Therefore, one of the key benefits of a balanced scorecard is lost. For instance, 'delayed transfers of care' will affect 'total inpatient waits', and likewise the results under 'staff opinion survey' could be construed to impact on the results under the 'infection control procedures' indicator.

The CHI list of performance indicators misses a major opportunity to make this link, which is often presented in the form of what is called a 'strategy map'. This evaluates and makes visually explicit an organisation's perspectives, objectives, and measures, and the causal links among them. Some of the current CHI balanced scorecard indicators are presented in figure 2 above in the form of a strategy map, which suggests some ways in which indicators might be linked.

The CHI scorecard for 2003-04 had 44 measures in total: 35 balanced scorecard and nine key targets.

Kaplan and Norton recommend that a scorecard should have 20-25 headline measures.Management can measure and monitor only so many areas.

A genuine balanced scorecard system also has the potential to improve benchmarking. Benchmarking is about improving performance by learning from best practices and the processes by which they can be achieved. This means looking outward from the trust, not just elsewhere in the NHS, but also into Europe and the US. The numerous comparisons of the NHS with Kaiser Permanente is a high-profile example of benchmarking.

However, making like-for-like comparisons is very difficult, and requires detailed definitions, data capture systems, and management resources.

If the balanced scorecard is retained in the long run, it should be developed in two respects - make it relational, and use it to have a close look at some of the targets, namely the more qualitative ones that are more difficult to measure.

'We will see if these changes have been made when the latest balanced scorecard indicators are released by the Healthcare Commission later this year.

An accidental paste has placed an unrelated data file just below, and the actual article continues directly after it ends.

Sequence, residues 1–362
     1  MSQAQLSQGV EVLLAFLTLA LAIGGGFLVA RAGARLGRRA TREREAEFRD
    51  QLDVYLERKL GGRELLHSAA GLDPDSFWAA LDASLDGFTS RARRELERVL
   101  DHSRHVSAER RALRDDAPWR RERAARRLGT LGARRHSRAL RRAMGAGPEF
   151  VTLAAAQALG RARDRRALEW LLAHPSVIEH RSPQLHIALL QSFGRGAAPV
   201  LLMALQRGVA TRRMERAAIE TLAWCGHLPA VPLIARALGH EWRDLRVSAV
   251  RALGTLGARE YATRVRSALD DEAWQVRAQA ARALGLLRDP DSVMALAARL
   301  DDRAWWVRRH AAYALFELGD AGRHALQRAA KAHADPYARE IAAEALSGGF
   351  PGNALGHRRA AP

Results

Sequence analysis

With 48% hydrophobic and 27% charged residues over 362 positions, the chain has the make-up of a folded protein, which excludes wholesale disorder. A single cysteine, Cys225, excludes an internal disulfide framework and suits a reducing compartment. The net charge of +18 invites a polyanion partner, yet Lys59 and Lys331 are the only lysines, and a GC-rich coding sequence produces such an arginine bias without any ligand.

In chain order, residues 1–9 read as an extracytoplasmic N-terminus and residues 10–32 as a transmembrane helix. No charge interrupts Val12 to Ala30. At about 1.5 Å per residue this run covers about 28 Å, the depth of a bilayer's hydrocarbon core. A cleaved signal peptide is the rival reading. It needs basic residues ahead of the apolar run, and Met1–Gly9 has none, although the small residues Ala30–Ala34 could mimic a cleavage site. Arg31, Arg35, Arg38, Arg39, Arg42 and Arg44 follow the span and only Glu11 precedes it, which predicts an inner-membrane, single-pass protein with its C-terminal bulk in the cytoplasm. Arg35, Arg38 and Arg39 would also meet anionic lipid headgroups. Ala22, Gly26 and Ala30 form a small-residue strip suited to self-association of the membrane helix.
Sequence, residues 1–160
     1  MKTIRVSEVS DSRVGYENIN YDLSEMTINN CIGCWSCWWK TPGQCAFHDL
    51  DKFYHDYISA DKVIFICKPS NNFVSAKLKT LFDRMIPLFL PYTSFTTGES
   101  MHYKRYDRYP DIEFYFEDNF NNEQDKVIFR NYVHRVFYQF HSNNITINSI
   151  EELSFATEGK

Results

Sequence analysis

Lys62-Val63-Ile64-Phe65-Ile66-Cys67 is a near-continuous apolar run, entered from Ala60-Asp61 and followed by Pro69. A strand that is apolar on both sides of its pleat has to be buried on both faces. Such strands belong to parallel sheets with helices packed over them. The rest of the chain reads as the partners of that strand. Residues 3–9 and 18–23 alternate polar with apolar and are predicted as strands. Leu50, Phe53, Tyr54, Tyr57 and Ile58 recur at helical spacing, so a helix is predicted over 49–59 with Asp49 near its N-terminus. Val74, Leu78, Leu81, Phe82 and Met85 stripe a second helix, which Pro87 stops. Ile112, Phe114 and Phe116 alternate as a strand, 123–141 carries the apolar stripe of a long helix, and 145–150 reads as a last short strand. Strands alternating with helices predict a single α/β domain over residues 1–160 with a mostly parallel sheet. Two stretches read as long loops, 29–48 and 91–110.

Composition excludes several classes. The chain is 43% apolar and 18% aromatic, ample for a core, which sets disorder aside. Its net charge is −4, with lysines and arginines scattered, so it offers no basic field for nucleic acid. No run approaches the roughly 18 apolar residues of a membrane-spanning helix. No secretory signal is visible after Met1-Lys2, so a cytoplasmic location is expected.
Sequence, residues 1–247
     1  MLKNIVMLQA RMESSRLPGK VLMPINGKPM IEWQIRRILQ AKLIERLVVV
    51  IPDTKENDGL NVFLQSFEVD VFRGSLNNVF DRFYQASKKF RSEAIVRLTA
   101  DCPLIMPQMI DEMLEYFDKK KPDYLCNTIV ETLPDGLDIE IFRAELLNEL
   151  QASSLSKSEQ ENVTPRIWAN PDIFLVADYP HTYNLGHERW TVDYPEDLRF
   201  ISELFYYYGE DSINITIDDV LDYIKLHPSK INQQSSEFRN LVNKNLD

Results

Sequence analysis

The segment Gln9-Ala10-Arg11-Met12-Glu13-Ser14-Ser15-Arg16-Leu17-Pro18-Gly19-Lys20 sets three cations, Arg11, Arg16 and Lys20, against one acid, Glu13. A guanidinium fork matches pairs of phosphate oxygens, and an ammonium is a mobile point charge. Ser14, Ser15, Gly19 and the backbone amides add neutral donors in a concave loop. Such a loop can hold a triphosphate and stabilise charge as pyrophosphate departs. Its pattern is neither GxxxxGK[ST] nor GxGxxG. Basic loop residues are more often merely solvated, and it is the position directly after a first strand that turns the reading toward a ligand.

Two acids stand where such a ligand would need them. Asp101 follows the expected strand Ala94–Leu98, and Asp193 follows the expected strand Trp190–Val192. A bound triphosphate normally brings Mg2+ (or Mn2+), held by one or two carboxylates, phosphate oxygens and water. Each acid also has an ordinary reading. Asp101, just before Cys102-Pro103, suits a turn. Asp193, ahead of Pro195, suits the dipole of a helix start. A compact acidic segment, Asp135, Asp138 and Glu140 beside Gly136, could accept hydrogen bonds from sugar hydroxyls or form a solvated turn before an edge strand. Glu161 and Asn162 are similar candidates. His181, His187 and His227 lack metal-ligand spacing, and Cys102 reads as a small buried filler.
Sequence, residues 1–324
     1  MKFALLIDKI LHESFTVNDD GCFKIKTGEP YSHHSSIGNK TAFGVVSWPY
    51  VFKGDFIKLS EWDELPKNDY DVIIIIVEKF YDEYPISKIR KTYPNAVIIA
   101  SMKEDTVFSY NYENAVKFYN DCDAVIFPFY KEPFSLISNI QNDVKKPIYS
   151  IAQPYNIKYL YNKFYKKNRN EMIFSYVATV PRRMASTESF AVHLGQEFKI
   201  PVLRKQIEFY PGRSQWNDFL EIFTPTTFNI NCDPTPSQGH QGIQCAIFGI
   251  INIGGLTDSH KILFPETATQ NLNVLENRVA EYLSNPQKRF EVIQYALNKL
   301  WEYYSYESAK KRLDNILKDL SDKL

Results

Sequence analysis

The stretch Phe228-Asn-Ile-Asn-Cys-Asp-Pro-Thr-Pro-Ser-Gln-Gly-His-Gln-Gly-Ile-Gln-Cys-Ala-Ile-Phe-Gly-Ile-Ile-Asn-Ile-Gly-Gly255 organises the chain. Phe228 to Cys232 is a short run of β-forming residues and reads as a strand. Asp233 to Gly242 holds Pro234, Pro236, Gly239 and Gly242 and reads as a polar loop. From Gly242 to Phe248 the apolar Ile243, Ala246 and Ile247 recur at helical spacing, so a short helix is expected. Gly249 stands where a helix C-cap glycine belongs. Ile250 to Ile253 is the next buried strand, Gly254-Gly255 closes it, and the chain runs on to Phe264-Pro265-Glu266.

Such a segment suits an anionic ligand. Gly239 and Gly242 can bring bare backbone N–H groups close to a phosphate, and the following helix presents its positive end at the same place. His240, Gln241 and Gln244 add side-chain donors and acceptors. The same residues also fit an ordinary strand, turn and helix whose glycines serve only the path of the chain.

Common pitfalls: balanced scorecard systems can fail to produce results

Lack of senior management commitment.

'Backroom scorecards'- produced by a few people behind closed doors.

Scorecards that are not cascaded below the executive team.

Scorecards become fossilised - 'it was so much work to do, it'll be too much work to change'.

The IT project - the whizzy software package that no-one uses.

The best is the enemy of the good - 'I am not going to launch it until It is perfect'.

Lack of expertise.

Lack of an agreed vision or strategy.

Jeremy Martin, Dorset and Somerset strategic health authority performance manager.

Goal difference: everything in context 'Say, Manchester United lose at home to Portsmouth.By one measure, that means United are doing really badly.But what if you ask how have they done throughout the season? And in the cups and in Europe? And as a plc? This is the basis of the balanced scorecard - a more rounded perspective that measures in the context of past, present and future rather than always being driven by last Saturday's result.

'I have been working with the BSC concept since the 1970s in a variety of settings and I do think the holy grail - the kind of key performance ratios like price earnings in the private sector - will not be found for the NHS, and especially not mental health.We are a long way from that.

'However, what we can do is, while accepting that imperfection, begin to look at better measures of patient satisfaction and better ways of measuring it.The public has a right to ask: 'What's the score?'and have an easy-tounderstand answer.

'The essence of a balanced scorecard approach is to get a global view of organisational and departmental performance by looking not just at internal factors but at external factors - the outputs and outcomes.The NHS tends to be better at measuring internals than externals because they are often about perceptions and about relationships, especially in mental health.But that subjectivity can still be measured, it is just more complex and requires discipline.'

Jeremy Taylor, Nottinghamshire Healthcare trust chief executive.

John Deffenbaugh is a director of Frontline Consultants, john. deffenbaugh@frontlinemc. com